Communicate with your team:

Keep your team in the loop. Let them know about the “Short” AND “Long” term plans for them (and for the organization). People need to know what they will be doing (or at least what the organization “Thinks” that they will be doing). Even if you don’t know or don’t have a plan, let your team know that there is no such plan so perhaps, they might have some idea!
Keeping people in the dark is bad, and they might decide to take on other roles other places because they don’t know there was a plan for them to do the exact same thing in the current organization.

Avoid Unwritten Rules:

If there is a rule in a team, write them down and let people know about them. Even if there are things that might be considered common courtesy or common sense (Your common sense might not a common sense for others even though it is known as “common”). Otherwise, people will make assumptions that could be in complete contradiction against the “Unwritten” rules that “the team” has in mind.

Be open to changes in processes:

If you have a guideline in your team and someone questions some parts of it, don’t freak out. There is a good chance that they have a point!
Things change and guidelines should too, but nobody updates them, so don’t be afraid to change the guidelines. If someone brings up a point to change a process, that doesn’t necessarily mean than they are troublemakers or hard to work with or not good team players. That just means that they care enough to talk about their opinions.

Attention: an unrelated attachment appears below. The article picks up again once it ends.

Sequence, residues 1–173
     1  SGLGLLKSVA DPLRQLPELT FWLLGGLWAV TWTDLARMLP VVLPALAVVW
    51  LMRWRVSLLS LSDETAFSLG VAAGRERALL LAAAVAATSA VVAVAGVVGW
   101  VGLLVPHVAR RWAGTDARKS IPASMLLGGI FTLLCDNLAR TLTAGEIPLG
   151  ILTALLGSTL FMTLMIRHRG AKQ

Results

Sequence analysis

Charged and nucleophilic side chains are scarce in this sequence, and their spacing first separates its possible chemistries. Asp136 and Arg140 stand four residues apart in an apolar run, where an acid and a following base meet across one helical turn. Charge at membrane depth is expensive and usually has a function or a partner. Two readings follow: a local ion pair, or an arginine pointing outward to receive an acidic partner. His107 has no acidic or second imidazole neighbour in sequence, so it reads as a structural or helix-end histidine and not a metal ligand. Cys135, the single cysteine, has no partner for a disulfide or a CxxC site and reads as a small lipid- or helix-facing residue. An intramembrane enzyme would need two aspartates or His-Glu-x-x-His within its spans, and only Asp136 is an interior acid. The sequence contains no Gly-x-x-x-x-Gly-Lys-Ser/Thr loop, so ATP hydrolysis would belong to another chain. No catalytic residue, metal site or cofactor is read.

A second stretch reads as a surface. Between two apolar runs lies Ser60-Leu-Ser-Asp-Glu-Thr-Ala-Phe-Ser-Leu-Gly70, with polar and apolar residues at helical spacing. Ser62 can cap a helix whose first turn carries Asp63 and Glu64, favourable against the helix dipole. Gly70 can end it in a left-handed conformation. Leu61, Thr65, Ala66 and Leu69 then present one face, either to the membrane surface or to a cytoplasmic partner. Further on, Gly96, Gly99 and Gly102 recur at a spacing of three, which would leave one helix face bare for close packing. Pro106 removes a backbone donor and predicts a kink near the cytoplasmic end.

Build trust:

Trust is very important. If team members don’t trust “the team” (because of other anti-patterns probably) they will probably care only and only about themselves and will always be looking for “Exits” . They will not be as effective as they can be, and they will probably look for other jobs. So try to work on the “Trust” on a daily basis.

How? Look for Anti-Patterns in your team and try to fix them.

Make sure you know what you are getting into:

If you are a company that is accepting a project, or an professional that want to get a new job, do more research than just looking at the customer’s website. Proper research is hard for sure, so try your best.
As a company getting a wrong project from a wrong client can cost you the passion your team that are working for you and without that passion, you will be left with nothing!
As a professional, consider things other than “Money” to get into a new position. Consider “Money” as well, but make sure you consider other things too. Make sure you will be doing stuff that you enjoy doing in the new role.


This for sure is not a complete list and I will just dumped this down listening to this podcast I mentioned above. So I will try to have other post following up on completing this list.